There is increasing interest in the use of glutamic acid decarboxylase antibodies (GADAbs) for identification of subjects at increased risk of developing insulin-dependent diabetes mellitus (IDDM). However, considerable variation exists between laboratories in the reported frequency of GADAb in various clinical situations, and disease sensitivity and specificity have not yet been compared between assays. An international workshop was held in which 101 coded freeze-dried sera, including 39 from subjects with newly diagnosed IDDM, 32 from healthy control subjects, 4 from nondiabetic subjects with Graves' disease, and 4 from islet cell antibody–positive subjects, were analyzed in 52 assays (radiobinding assay [RBA], 26; enzyme-linked immunosorbent assay [ELISA], 19; and enzymatic immunoprecipitation assay [EIP], 7). The mean sensitivity for RBAs (76.2%) was higher than for ELISAs (36.5%) and EIPs (49.9%) (P < 0.01). The mean specificity was similar for each assay format (RBA, 89.4%; ELISA. 89.4%; and EIP, 92.3%). The lower sensitivities of the ELISA and EIP were predominantly due to the inability of these assays to detect low levels of GADAb in IDDM. To convert results to standard units, standard curves were constructed using duplicate dilutions of the anti–glutamic acid decarboxylase monoclonal antibody MICA 3 and serum from a patient with stiff-man syndrome (SMS). Curves could be derived in 28 assays using the MICA 3 serum and in 29 using the SMS serum. The mean coefficients of variation between assays for disease and control samples were 45% when results were converted to MICA units, 77% for SMS units, and 76% for SD scores. The relatively lower scatter observed using the MICA 3 serum as a standard indicates that this serum may be useful as an international reference. Because assays for GADAb with a high level of sensitivity and specificity are now available, prospective studies are now required to establish the role of GADAbin clinical applications such as preclinical screening for IDDM.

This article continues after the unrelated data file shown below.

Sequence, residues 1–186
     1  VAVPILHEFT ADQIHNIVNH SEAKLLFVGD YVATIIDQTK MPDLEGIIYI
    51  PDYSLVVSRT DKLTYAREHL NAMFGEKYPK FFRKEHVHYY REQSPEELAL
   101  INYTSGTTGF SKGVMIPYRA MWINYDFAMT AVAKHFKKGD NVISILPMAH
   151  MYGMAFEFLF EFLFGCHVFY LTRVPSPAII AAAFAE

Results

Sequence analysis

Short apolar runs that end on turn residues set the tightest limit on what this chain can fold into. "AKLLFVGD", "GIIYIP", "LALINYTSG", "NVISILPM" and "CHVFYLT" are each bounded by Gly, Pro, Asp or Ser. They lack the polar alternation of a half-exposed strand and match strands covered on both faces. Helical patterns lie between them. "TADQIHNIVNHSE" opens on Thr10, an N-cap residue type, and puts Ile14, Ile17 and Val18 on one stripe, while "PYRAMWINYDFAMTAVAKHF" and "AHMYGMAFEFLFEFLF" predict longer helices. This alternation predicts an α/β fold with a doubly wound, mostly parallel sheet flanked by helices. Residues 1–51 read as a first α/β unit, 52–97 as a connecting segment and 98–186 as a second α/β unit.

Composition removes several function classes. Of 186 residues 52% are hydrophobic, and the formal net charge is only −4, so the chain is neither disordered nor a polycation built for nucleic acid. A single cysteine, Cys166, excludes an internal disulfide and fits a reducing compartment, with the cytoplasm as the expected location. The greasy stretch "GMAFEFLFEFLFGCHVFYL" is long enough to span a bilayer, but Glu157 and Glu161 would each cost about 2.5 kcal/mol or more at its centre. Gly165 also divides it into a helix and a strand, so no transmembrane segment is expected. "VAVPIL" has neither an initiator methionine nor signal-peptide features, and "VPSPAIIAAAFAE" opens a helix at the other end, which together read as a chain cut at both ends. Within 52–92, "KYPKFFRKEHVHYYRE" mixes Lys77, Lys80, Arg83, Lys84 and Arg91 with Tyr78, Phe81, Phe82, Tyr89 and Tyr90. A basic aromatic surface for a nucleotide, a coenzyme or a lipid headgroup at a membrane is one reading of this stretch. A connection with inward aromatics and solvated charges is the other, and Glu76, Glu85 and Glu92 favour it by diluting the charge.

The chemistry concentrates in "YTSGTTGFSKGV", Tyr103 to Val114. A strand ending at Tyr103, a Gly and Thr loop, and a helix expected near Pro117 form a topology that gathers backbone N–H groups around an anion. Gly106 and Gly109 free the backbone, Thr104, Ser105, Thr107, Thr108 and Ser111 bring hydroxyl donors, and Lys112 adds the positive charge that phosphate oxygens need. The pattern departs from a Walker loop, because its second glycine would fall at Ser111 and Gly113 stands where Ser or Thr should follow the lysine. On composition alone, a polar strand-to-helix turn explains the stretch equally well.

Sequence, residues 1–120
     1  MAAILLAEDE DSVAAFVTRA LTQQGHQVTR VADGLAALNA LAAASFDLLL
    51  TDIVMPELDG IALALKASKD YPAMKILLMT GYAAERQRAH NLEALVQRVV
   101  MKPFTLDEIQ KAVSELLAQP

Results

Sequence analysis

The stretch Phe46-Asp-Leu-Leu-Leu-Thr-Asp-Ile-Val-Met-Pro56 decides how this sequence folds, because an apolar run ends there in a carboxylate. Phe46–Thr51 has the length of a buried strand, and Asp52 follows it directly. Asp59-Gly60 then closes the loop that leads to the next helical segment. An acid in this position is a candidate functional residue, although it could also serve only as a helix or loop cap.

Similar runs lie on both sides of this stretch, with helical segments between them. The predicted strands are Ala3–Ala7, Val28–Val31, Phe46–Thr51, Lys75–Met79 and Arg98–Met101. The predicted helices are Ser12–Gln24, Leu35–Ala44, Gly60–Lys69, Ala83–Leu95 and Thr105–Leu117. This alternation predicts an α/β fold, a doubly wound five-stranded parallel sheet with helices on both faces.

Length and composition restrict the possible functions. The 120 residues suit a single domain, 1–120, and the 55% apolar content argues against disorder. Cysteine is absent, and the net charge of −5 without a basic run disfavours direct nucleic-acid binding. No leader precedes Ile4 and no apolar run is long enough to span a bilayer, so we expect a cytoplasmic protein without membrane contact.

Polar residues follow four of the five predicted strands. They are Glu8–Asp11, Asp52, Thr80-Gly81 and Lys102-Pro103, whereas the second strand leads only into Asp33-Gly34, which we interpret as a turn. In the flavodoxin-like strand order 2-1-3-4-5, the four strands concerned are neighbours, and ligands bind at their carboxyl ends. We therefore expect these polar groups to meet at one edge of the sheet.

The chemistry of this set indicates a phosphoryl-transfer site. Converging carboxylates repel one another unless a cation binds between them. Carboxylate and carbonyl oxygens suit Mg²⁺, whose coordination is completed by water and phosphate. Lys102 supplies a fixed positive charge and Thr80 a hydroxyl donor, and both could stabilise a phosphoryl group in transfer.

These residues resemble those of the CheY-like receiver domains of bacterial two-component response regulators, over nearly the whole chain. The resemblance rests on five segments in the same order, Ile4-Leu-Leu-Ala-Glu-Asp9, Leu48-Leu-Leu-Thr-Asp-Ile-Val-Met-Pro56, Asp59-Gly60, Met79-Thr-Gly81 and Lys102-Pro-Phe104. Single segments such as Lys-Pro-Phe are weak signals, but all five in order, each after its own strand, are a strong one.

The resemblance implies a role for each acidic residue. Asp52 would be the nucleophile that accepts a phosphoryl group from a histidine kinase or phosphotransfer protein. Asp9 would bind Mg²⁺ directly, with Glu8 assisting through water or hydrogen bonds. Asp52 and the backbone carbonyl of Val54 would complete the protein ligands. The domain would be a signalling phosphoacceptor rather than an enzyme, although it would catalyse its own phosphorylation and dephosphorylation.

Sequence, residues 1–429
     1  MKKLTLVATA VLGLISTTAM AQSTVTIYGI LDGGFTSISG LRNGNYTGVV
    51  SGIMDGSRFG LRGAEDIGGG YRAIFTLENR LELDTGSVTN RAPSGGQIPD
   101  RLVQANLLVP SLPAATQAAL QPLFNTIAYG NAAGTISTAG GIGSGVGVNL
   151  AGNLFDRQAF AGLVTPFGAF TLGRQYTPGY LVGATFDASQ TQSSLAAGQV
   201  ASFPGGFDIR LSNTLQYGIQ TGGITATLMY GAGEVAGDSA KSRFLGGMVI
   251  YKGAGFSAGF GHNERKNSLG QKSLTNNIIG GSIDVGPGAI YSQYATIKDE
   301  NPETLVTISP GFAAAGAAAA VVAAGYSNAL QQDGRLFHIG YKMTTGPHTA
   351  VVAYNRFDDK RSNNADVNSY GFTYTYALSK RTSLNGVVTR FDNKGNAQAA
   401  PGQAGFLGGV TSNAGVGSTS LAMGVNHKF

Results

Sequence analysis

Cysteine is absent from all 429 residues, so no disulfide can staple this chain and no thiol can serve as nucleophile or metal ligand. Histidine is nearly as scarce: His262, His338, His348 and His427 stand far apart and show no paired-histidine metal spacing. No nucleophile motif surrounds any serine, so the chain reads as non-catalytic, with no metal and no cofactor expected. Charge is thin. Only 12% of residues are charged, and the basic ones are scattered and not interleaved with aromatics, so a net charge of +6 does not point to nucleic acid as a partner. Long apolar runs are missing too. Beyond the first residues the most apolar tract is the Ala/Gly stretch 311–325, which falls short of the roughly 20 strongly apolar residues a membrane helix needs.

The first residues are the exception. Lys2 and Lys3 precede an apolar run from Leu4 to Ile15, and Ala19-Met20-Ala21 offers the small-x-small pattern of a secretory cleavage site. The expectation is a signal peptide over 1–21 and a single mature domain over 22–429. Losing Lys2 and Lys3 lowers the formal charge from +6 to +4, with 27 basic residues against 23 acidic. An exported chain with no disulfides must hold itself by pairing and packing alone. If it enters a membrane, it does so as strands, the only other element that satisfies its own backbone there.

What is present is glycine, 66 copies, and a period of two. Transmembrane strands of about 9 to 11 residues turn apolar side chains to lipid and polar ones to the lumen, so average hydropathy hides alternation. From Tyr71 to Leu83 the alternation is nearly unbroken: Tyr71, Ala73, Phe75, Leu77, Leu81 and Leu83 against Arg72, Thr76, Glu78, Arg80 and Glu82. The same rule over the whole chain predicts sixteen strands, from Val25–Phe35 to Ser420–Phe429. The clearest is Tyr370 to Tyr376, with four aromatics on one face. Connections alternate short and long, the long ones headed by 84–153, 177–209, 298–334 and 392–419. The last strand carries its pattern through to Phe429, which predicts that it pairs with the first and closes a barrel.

- Received February 6, 1995.
- Accepted February 9, 1995.
- Copyright © 1995 by the American Diabetes Association